Phelps Can Company

HANCOCK COUNTY WEST VIRGINIA
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Submitted to the West Virginia Biographies Project by:
Valerie & Tommy Crook
vfcrook@earthlink.net
July 6, 2000
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The History of West Virginia, Old and New
Published 1923, The American Historical Society, Inc.,
Chicago and New York, Volume III,
pg. 455-456
Hancock

THE PHELPS CAN COMPANY is one of the several estab-
lishments that have made an important industrial com-
munity at Weirton in Hancock County, practically
surrounding the historic old village of Holliday’s Cove
with factories, teeming population and all the institutions
and improvements of twentieth century existence.

This plant was established at Weirton in the spring of
1911 by the president of the original company, W. J.
Phelps of Baltimore. At that time the plant started with
a capacity of 350,000 cans daily and about a hundred em-
ployes. Subsequent additions and improvements have
trebled the capacity, and employes now number about 350,
with a payroll of about $6,500 a week. The tinplate is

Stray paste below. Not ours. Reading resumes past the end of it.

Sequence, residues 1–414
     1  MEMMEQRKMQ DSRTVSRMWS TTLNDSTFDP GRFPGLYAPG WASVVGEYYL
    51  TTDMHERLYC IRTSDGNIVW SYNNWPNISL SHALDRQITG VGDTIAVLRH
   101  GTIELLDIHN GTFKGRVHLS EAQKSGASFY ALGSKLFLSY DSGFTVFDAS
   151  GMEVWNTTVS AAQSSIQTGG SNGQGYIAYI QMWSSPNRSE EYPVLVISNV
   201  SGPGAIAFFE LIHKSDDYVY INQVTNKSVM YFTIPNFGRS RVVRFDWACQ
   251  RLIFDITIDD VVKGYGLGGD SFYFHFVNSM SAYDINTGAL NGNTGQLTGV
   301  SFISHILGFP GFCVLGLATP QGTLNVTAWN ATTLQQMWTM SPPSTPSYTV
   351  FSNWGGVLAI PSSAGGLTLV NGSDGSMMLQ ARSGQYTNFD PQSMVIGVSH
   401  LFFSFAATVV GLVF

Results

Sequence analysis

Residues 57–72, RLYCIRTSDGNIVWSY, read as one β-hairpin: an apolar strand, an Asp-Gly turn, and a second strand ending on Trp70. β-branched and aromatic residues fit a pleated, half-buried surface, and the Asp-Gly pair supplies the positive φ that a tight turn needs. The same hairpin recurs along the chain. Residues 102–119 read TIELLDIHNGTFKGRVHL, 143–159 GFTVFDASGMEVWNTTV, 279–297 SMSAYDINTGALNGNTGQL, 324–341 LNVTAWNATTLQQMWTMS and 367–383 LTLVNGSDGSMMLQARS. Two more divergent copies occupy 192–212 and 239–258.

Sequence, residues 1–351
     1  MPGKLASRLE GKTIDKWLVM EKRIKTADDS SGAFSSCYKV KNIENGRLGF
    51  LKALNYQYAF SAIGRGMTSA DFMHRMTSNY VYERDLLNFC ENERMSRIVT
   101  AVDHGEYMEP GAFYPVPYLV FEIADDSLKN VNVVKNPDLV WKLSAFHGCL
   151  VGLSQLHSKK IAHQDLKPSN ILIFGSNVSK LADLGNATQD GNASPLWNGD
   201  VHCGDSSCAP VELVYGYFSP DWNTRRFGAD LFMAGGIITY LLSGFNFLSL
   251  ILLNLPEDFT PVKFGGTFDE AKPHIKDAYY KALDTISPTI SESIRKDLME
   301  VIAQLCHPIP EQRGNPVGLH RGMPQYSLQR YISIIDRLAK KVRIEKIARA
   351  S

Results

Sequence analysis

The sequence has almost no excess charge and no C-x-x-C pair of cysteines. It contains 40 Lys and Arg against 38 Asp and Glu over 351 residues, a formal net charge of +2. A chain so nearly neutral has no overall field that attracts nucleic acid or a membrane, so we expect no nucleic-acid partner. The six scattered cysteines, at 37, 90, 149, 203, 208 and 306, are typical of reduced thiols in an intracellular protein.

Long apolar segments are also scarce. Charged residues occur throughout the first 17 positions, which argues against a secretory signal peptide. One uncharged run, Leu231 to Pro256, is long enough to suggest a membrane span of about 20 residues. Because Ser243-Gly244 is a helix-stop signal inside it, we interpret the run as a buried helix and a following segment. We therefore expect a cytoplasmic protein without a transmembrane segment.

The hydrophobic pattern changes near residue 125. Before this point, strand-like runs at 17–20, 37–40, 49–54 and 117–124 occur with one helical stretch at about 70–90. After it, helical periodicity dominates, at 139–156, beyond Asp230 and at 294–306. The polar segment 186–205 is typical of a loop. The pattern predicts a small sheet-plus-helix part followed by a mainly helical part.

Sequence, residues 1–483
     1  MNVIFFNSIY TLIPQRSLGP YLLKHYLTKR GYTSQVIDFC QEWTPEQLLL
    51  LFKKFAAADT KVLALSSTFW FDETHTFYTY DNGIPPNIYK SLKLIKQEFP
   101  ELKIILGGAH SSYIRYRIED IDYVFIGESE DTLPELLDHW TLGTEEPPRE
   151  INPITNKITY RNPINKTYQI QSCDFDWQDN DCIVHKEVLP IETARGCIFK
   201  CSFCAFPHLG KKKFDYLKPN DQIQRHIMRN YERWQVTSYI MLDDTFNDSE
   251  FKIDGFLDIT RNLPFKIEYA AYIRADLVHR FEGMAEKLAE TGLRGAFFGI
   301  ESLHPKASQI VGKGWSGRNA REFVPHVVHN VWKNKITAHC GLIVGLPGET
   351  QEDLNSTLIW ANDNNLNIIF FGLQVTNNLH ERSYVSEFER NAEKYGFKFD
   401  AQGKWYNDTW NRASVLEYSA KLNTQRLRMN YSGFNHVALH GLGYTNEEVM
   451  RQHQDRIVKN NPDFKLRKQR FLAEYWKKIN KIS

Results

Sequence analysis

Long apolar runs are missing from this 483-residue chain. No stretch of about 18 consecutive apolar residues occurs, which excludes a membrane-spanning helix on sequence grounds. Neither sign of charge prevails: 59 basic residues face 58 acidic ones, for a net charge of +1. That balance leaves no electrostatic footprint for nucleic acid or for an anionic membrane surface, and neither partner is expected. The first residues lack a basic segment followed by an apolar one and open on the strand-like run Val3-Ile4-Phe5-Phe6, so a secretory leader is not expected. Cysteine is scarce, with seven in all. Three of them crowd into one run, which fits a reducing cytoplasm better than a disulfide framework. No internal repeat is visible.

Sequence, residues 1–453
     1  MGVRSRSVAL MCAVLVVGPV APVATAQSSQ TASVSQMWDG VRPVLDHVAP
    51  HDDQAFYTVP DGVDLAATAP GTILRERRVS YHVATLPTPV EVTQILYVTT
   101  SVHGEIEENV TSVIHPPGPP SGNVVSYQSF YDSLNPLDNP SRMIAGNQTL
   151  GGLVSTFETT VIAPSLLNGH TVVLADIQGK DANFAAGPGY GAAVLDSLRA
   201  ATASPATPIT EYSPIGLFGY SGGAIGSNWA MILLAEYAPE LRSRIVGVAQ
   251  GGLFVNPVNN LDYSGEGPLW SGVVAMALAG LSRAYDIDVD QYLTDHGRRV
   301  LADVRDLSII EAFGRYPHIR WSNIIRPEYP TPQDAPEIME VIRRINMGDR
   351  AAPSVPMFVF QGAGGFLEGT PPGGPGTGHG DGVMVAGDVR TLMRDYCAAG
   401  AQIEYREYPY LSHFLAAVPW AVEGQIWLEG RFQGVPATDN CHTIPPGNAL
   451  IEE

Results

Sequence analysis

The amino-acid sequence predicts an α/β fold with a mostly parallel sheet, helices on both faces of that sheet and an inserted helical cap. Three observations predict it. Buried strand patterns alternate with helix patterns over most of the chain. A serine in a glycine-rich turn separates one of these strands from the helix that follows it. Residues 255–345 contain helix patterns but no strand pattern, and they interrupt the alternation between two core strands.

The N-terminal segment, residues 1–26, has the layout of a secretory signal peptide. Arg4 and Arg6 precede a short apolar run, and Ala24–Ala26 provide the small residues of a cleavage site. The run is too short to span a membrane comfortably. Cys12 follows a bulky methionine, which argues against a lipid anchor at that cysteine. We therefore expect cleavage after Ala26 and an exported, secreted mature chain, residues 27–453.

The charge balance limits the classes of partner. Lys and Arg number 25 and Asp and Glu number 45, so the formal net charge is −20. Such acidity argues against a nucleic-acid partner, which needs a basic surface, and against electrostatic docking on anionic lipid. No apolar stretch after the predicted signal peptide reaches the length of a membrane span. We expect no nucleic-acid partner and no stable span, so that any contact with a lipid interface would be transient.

obtained from the adjacent Weirton Steel Works, the an-
nual consumption being between 600,000 and 700,000 boxes
of tin plates. The plant at Weirton makes a specialty
of tin containers for evaporated and condensed milk, the
output being sold to condensaries all over the United States
and Canada.

The company is capitalized at $50,000. The president
and treasurer of the corpoartion [sic] at Baltimore is W. J.
Phelps, the vice president and secretary is Forest Bramble,
of the same city, while the executive in charge at Weirton
is J. Howd Phelps, assistant treasurer and manager. This
company maintains four plants, one at Baltimore, another
at New Philadelphia, Ohio, the one at Weirton, and another
established in 1921 at Clarksburg, West Virginia. Mr. J.
Howd Phelps and Mr. J. B. Dresel, the superintendent,
started the plant at Weirton and have been in active
charge ever since. The plant has floor space of 110,000
square feet, about two and a half acres, and a double rail-
road track runs the entire length of the factory.

The Phelps family have been pioneers in can manufac-
ture. W. J. Phelps as a boy made cans by the hand
process before the introduction of any of the complicated
machinery now used in can making. He started his first
can factory at Baltimore about 1890. The Phelps Can
Company now stands third in the United States in relative
size and importance, and is probably the first in a special-
ized output for packers.

J. Howd Phelps was eighteen years of age when he en-
tered the shops of the Baltimore plant, and has grown up
in the business. He is a Mason, is affiliated with the
Scottish Rite Consistory at Wheeling, is a member of the
Weirton Masonic Club, and belongs to the Scottish Rite
Orchestra at Wheeling and also a similar orchestra at
Steubenville, Ohio. Mr. Phelps, whose home is at Holli-
day’s Cove, married Sarah Marie Turner, a native of New
York State. Their four children are Dorothy, Howd, Jr.,
Marjorie and Virginia.